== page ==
Saltcoats & Stevenston Independent councillor Ronnie McNicol has secured a review of Council charges for ‘special uplifts’.
In 2010 the Labour-run local authority began charging householders £12.00 for uplifts of up to five items, with additional fees applied for collecting larger quantities. However, as the3towns subsequently revealed, a Council report on the charges for special uplifts of household items, such as furniture and fridges, confirmed “the reduction in the number of service requests [for special uplifts] was significantly greater than anticipated”. In the report, North Ayrshire’s Corporate Director (Finance and Infrastructure), Ms Laura Friel, said, “the introduction of charges was anticipated to realise annual income of £215,000,” but the actual amount raised was just £76,185.
At last week’s Council budget meeting, Ronnie McNicol said the introduction of charges had led to a noticeable increase in fly-tipping in the Three Towns, and revealed it was costing the local authority more to remove items illegally dumped than they were taking-in from charges for special uplifts. Said Cllr McNicol, “Since it is apparent we are spending more cleaning up than we recover from special uplift charges, I propose the charges are removed.”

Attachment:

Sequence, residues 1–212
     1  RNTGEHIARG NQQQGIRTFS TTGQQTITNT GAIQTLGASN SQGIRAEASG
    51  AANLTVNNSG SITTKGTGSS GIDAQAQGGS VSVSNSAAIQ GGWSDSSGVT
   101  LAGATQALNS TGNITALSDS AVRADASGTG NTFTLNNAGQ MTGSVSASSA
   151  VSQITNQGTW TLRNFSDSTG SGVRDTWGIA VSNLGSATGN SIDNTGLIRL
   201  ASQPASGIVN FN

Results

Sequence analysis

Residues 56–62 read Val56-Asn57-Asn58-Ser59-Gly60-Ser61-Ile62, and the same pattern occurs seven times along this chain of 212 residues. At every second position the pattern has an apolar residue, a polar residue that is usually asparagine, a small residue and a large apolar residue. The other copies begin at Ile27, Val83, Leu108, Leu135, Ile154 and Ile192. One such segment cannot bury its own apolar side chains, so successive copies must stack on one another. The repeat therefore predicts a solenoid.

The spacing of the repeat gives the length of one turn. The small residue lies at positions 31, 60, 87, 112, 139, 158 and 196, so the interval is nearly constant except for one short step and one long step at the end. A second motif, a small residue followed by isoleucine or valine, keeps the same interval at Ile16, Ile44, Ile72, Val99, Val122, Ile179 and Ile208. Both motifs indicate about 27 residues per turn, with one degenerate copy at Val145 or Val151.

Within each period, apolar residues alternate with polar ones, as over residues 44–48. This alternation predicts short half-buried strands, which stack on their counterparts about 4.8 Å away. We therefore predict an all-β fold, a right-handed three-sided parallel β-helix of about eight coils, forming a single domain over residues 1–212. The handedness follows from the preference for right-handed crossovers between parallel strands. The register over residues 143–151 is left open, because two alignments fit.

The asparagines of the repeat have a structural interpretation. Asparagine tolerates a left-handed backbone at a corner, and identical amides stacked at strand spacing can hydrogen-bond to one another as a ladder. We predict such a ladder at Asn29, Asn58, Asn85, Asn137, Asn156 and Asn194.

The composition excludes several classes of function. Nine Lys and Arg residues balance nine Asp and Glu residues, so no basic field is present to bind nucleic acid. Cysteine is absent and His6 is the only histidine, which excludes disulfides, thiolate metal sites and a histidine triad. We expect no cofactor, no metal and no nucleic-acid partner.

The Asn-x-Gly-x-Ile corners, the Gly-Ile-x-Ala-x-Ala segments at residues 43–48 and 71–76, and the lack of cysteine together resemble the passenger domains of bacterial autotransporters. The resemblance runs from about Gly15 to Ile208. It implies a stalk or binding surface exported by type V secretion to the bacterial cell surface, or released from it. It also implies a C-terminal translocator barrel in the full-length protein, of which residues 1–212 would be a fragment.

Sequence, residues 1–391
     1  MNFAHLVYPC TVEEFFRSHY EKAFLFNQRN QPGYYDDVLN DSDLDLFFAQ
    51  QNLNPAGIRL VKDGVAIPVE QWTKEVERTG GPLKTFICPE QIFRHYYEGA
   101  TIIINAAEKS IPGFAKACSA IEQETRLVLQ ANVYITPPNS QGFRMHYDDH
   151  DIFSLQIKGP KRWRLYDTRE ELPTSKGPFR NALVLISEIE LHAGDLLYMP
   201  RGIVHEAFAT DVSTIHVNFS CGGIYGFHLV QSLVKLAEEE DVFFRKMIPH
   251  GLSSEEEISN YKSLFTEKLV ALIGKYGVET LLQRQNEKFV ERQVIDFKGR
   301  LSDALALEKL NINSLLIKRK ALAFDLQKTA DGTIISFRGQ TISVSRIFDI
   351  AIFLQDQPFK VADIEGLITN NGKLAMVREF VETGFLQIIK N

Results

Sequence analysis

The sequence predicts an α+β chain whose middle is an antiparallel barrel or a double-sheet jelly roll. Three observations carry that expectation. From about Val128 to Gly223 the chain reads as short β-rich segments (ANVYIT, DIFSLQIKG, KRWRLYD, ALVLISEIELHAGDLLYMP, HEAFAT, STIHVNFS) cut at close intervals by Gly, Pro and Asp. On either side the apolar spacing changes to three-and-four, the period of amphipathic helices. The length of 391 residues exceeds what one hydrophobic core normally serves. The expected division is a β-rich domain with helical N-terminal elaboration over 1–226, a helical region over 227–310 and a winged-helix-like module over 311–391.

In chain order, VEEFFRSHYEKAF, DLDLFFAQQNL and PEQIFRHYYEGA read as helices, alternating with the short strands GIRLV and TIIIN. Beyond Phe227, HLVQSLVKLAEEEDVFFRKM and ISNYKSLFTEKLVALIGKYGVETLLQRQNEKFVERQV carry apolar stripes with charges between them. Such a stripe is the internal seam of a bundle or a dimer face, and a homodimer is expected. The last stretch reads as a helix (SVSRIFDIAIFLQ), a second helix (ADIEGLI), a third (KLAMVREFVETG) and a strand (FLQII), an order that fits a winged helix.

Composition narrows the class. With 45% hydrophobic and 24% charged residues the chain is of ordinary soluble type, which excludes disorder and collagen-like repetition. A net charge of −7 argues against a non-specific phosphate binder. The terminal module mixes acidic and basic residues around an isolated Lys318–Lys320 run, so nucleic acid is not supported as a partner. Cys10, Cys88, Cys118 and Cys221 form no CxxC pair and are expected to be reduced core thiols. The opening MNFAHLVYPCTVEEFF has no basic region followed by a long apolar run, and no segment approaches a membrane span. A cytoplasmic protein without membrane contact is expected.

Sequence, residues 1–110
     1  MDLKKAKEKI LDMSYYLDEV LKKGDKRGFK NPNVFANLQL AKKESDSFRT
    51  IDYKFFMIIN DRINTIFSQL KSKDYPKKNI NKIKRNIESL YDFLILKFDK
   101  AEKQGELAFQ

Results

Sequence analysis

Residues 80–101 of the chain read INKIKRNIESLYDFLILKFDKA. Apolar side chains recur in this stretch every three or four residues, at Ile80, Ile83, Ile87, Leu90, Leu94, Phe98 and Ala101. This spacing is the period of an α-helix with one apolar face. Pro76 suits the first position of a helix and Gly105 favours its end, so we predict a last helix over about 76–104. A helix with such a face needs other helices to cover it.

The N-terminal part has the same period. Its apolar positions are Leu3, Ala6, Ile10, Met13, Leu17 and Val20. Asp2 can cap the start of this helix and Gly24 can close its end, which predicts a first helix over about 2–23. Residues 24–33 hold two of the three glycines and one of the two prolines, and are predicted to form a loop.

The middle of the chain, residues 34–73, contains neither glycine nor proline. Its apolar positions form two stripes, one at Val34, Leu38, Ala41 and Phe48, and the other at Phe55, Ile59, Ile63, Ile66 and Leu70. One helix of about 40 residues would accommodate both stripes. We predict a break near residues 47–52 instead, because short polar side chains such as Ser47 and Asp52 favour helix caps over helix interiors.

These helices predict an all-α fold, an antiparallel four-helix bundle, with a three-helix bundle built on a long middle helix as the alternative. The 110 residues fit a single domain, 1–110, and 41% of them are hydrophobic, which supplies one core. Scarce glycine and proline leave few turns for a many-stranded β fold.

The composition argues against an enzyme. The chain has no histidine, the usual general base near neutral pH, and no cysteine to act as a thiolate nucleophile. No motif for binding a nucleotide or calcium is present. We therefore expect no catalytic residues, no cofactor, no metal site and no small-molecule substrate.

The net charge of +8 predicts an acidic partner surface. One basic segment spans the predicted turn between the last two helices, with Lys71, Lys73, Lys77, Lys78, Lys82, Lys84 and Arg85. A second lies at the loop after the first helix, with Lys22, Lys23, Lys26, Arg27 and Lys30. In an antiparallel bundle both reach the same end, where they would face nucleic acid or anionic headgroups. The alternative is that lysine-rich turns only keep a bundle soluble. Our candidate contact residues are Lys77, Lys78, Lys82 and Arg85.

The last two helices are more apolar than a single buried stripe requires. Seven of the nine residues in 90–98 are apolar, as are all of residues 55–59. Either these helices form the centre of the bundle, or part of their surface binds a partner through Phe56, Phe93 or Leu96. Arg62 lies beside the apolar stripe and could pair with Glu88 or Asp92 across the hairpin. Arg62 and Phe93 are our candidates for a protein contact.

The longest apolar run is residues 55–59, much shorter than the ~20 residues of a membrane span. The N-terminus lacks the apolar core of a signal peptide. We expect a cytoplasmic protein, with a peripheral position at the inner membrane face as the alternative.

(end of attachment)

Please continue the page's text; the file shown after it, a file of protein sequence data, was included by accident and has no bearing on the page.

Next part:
In response, Cllr David O’Neill, the Labour Leader of the Council, agreed to a review. While falling short of the requested removal of charges, Ronnie McNicol indicated he would agree to the review, provided it was carried out soon.
Saltcoats & Stevenston SNP councillor Willie Gibson then asked that the review should also look at the local authority’s recently-introduced policy requiring local residents to be in possession of a ‘Waste Permit’ to use amenity sites, in certain circumstances. Cllr Gibson raised concerns that the introduction of permits had also contributed to the increase in illegal dumping around the Three Towns.
For the Labour administration, Cllr O’Neill agreed the review should include the changes regarding dumping at Council-run amenity sites.